Skip to main content

What Is a Primary Care Provider or Physician?

A primary care provider, or primary care physician (PCP), is what most people simply call their “doctor.” PCPs ensure that patients get the right care, in the right setting, by the most appropriate provider, and in a manner consistent with their desires and values. Primary care is usually provided in an outpatient setting, such as a clinic. However, if you are admitted to the hospital, your PCP may assist in or direct your care, depending on the circumstances.

What Are the Different Types of Primary Care Providers?

A PCP is usually board-certified in family medicine and internal medicine, but a pediatrician (a doctor for children), a gynecologist (a women’s health doctor) or a geriatric physician  (a doctor for seniors and the elderly) also can be considered PCPs.

What Is the Difference between Family Medicine and Internal Medicine?

There are fundamental differences in the focus, training and patient care activities of family medicine and internal medicine providers.

A family medicine provider is someone who cares for every member of a family (from newborns to seniors) at all stages of their lives. Family medicine covers a broad range of medical training in conditions and issues that affect patients of all ages, including infants, children, teens, adults and the elderly. Most family medicine providers have training that focuses on general outpatient care, including diagnosis and management of acute illnesses and chronic conditions, as well as preventive care.

An internal medicine provider treats a wide variety of conditions and illnesses in adults only. Internal medicine providers (sometimes known as internists) focus specifically on the unique needs and health risks that adult patients face. In addition to receiving training in general medical issues, internal medicine doctors also receive significant education and experience in specialty areas like psychiatry, dermatology, orthopedics, palliative medicine, sleep medicine, infectious diseases and other subspecialties. Internists are more likely to provide hospital care, but family medicine providers also can treat patients in an inpatient setting.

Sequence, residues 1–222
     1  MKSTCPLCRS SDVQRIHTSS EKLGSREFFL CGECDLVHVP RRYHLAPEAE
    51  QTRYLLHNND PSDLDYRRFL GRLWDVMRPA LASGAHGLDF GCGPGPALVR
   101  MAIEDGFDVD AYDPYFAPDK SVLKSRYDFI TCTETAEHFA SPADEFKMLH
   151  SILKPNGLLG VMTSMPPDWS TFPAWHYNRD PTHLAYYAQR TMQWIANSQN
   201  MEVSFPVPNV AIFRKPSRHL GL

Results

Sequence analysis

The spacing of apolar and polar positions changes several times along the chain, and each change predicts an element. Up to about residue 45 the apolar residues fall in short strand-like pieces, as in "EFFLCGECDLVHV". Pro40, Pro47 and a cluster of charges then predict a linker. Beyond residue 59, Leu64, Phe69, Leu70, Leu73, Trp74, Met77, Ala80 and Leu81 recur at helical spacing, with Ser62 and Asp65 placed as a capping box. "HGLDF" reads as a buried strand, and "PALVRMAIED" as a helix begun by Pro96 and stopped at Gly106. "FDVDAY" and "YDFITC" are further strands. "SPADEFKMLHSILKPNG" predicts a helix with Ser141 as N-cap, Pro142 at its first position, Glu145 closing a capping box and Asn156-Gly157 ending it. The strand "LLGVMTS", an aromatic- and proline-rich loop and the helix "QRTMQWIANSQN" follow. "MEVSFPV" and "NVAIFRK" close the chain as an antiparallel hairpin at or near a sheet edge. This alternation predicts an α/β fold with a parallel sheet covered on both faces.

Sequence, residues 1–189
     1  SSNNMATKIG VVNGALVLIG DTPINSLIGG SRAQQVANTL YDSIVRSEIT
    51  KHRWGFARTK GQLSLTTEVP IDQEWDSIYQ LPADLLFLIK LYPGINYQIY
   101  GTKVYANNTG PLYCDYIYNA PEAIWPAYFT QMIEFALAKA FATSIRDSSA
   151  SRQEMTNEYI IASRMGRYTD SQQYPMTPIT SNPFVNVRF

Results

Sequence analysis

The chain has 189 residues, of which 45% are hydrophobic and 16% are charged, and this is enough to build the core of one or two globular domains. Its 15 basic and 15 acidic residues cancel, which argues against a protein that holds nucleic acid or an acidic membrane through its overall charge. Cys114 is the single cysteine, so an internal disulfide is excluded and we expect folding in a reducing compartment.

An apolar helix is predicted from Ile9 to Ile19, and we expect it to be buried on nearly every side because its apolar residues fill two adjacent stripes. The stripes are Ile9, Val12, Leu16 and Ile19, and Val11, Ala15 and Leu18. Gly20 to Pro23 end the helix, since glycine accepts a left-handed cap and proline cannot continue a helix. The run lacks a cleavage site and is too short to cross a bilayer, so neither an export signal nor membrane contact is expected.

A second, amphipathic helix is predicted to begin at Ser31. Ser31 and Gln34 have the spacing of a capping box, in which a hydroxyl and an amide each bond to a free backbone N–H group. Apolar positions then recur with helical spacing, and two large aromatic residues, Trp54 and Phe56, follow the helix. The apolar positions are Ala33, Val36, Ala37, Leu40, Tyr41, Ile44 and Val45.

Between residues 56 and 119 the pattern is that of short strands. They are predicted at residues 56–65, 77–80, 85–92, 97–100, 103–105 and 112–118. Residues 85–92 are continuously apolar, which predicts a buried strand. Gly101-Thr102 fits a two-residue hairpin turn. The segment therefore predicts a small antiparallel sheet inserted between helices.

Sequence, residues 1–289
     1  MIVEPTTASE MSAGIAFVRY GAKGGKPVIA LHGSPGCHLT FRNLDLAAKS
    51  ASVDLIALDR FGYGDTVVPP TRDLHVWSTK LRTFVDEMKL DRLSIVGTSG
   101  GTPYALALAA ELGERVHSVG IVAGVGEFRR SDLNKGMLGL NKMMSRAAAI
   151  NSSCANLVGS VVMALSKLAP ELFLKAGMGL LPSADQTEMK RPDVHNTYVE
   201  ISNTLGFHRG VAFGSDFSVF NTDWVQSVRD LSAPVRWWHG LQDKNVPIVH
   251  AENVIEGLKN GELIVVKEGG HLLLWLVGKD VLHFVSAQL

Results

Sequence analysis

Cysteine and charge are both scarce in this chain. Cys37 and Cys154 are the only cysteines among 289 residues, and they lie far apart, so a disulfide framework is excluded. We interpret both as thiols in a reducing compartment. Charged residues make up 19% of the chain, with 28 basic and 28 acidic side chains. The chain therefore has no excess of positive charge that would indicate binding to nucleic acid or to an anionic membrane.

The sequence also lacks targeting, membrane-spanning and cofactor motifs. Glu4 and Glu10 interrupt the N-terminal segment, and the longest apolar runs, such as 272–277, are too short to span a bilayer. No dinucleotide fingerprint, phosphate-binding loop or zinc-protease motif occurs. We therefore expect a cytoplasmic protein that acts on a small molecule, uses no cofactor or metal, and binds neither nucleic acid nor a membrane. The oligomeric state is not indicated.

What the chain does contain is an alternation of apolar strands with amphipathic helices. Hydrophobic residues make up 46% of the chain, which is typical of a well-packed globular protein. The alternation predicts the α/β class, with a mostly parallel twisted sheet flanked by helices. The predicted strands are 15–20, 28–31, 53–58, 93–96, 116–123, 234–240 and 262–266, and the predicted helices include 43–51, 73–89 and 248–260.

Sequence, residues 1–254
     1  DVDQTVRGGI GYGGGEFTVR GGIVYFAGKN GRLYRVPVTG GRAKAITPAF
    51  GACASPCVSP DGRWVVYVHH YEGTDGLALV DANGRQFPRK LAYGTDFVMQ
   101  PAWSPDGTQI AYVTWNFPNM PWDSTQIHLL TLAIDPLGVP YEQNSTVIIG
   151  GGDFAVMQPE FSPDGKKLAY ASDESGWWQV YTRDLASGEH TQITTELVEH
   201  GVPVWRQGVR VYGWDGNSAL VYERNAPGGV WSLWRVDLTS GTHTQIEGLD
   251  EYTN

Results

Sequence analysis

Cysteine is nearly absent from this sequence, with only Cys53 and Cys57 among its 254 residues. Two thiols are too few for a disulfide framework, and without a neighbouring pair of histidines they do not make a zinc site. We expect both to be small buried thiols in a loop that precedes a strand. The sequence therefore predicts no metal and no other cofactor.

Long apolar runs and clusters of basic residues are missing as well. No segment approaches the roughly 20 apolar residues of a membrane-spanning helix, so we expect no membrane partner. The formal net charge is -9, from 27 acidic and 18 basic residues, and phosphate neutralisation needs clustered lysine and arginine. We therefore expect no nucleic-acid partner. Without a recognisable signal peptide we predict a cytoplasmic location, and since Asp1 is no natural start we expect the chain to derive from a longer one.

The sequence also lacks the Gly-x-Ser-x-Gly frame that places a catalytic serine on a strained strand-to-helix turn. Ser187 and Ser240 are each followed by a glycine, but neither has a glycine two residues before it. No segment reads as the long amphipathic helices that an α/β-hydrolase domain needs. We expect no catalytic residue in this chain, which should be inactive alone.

Why Do I Need a Primary Care Provider?

Having a PCP is an important part of making sure you stay healthy throughout your life. When you choose a PCP, you are forming a lasting relationship and making sure someone you trust is helping you make important decisions about your health. You and your PCP are partners and will work together to decide the best health and wellness choices for you.

Your PCP can help you with preventive care (healthcare that includes health screenings, routine check-ups, shots, labs, etc.) and can identify and treat common diseases and illnesses. If you need additional care, your PCP can help make sure you are seen by a specialist (a doctor who has more training in a particular disease or illness).

What Are Some Benefits of Primary Care?

You PCP should be knowledgeable and familiar with your health and well-being. This helps personalize your care and save time that may have previously been spent explaining medical history or personal issues. A PCP’s goal is to deliver the care that is right for you — not use a one-size-fits-all approach. Tailored healthcare is easier when you have a meaningful relationship with your provider. Your PCP may recognize health changes that you have not noticed and can keep you up-to-date with annual exams and immunizations.